By Sealand Ambassador Maryke Musson
Travel /ˈtrav(ə)l/ - to take a journey, typically of some length. The movement between distant geographical locations. A traveller is a person who is travelling, and could be a gypsy or a nomadic person. A traveller is also defined as a person who holds New Age values and leads an itinerant and unconventional lifestyle.
Travelling as we know it has come to a sudden halt, a forced pause, a temporary cessation. However, for migrating animals, in the sea and on land, their incredible journeys continue. One such animal, who has found new paths and crossed an entire ocean, is the ultimate traveller, now world-famous nomad and rather unconventional sea turtle named Yoshi.
In 1997 a Japanese fishing vessel rescued a tiny and injured loggerhead sea turtle, and cared for her onboard until they reached the port of Cape Town. They contacted the Two Oceans Aquarium and requested that the staff take over care of this wounded animal.
The Aquarium had no intention of keeping sea turtles at the time, as turtles are known to be oceanic travellers, but took Yoshi in (she was named by the Captain, after the cook onboard, Yoshitaro, who was small in stature – just like the little turtle). Yoshi’s health and injury were monitored, and the team of biologist learnt a great deal of turtle care and husbandry while keeping Yoshi safe during the riskiest years of a sea turtle’s life.
Only 1, or possibly 2 out of every 1000 sea turtles survive from hatching to maturity, so for the time being, Yoshi was lucky and safe.
Sea turtles can live for 80 to a 100 years, and sexually mature anywhere between 18 – 30 years. Over the years the Aquarium received many more stranded and injured turtles, and successfully rehabilitated and released most of them. In 2015 the team satellite tagged two critically endangered Hawksbill turtles after rehabilitation and followed their incredible journeys for 14 months. The larger female headed straight up the east coast, crossed the Mozambique channel and spent the rest of her time being tracked around Madagascar – nesting site to Hawksbills. The smaller turtle headed up the west coast, and reached Gabon before the satellite tag batteries ran down. These two travelling turtles showed the success of the rehabilitation efforts, and the ability of recovered turtles to adapt really well back into the wild.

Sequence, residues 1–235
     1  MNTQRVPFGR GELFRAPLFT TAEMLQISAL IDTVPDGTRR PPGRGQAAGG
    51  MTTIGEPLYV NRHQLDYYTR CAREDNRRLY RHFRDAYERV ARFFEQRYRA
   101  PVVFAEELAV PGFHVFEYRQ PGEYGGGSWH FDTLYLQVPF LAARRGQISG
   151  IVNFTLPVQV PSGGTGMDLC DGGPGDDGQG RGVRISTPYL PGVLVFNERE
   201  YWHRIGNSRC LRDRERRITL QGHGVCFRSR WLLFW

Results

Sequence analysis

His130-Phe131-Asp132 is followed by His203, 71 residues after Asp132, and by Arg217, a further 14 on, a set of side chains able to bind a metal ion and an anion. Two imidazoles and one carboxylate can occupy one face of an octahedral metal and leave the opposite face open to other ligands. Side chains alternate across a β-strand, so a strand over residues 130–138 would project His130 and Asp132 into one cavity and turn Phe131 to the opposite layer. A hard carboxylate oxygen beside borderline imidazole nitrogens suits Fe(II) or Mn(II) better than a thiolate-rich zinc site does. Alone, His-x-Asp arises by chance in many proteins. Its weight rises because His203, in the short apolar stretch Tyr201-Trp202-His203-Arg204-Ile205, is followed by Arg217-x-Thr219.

This prompted the then curator of the Aquarium, Maryke, to investigate the possibility of releasing Yoshi, who has been cared for by the Aquarium for about 18 years already. Reference to a Loggerhead that was released after 10 years at a research station in Mexico and then travelled 10 000 km across the Pacific ocean sealed the deal and the team started preparing Yoshi for her journey. It was like preparing for a never-ending Camino to some extent and required getting Yoshi, the traveller and hopefully nomad, fit and strong for life back in the ocean. The ocean of course poses many threats, from ghost fishing gear, to large vessels as well as predators and pollution.
Yoshi grew to a formidable 183 kilograms in a safe environment, and was big and strong enough to face many of these hazards. Through a stringent exercise regime over 18 months with regular health check-ups she was certified fit and healthy for her journey and issued with a blank visa. She was released off Cape Point in December 2017, satellite tag on her back, heading into the infinite ocean.
Female sea turtles will always head to the areas where they hatched from to breed and nest, and we assumed that Yoshi would show us where she was originally from by heading towards a nesting site, but she had different plans, just like a traveller with an unconventional lifestyle.
She first headed up the west coast, got her passport stamped in Namibia and again as she entered Angola. She navigated serious fishing grounds and went very close to shore near various mining sites. After 6 months of swimming (mostly against the current – that exercise regime paid off), she decided to turn around and headed back south.